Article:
"Senator Clinton obviously in 2002 voted to authorize the war in Iraq," Obama told ABC News' Sunlen Miller. "And her willingness to once again extend to the president the benefit of the doubt I think indicates that she hasn't fully learned some of the lessons that we saw back in 2002."
"We have to be very cautious in how we approach these kinds of issues, because we've already seen enormous damage done to US's prestige around the world, the US's strategic interests in the world," he added. "Part of the reason Iran has been strengthened is because of that war that had been authorized in Iraq."
Asked why he missed the vote on the Kyl-Lieberman amendment if it was so important, Obama said, "Well it wasn't a close vote. One of the things about running for president is there will be votes all the time that aren't close. I put out a statement very clearly in terms of my opposition and I think it's important for us to send a signal to the world that we are not expecting to solve every problem militarily."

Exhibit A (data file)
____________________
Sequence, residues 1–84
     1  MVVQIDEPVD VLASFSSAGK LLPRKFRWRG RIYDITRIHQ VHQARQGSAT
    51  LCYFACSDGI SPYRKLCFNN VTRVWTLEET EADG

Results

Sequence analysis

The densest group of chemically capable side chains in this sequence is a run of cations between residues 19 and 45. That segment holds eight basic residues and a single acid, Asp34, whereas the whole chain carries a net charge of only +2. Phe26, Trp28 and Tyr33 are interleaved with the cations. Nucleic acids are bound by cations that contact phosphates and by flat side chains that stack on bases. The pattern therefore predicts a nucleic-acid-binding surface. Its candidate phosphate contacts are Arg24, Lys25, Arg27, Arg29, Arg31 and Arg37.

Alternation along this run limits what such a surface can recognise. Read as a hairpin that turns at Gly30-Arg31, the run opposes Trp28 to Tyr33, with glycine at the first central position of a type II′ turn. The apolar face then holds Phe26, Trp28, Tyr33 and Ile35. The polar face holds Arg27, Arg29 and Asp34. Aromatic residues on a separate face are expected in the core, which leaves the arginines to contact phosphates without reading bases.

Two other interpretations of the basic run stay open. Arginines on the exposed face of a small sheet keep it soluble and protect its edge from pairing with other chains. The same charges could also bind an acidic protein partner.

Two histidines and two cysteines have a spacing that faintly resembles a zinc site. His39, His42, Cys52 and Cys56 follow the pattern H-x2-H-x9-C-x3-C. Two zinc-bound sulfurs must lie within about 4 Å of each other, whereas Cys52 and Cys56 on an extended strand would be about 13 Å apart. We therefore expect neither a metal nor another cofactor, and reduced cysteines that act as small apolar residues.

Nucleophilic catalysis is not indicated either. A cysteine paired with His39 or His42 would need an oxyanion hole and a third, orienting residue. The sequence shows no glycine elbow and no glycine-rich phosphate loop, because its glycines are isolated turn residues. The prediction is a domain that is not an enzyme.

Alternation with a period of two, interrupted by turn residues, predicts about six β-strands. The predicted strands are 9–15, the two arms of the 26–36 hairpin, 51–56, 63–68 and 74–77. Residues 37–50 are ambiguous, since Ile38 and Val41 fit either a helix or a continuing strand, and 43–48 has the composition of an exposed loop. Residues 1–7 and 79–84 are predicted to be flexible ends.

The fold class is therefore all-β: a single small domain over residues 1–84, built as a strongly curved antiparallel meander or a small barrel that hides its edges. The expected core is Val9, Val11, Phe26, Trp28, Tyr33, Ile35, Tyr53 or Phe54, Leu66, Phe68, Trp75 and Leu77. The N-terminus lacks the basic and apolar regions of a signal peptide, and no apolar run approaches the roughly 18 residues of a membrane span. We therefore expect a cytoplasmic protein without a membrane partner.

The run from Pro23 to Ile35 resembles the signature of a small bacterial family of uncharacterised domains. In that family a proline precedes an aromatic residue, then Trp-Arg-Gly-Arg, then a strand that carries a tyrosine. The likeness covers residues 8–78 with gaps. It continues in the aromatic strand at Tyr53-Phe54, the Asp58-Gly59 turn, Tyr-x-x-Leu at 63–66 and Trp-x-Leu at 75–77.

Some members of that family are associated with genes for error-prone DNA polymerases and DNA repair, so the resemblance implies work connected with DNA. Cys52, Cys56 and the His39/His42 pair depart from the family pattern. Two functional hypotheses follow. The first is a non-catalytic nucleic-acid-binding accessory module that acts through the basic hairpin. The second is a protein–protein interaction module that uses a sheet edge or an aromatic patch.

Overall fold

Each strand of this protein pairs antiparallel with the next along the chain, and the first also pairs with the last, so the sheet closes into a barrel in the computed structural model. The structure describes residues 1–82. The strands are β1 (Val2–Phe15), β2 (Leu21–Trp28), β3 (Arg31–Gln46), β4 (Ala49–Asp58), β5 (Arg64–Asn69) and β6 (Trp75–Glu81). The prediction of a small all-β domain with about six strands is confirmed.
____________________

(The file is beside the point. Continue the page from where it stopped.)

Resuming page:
Edwards himself stepped up his attack on Clinton in an interview on "progressive" radio.
"You've got George Bush out there rattling his saber about going to war in Iran. The last thing we need to do is give that guy any authority on the first step to move forward. So, I do differ with Senator Clinton about this," said Edwards on The Ed Schultz Radio Show.
Moments after Edwards was on the program Randall Rolph, the registered Democrat who pressed Clinton about her vote on Sunday, told Schultz that Clinton "barked" at him and made it seem like he didn't know what he was talking about. Rolph also accused Clinton of representing "more of the same" as the current Bush administration.
So far, Edwards has focused his fire on Clinton. But now that Obama has begun to wiggle his way into the story, will the Southern Smootie go after Obama for missing the vote?
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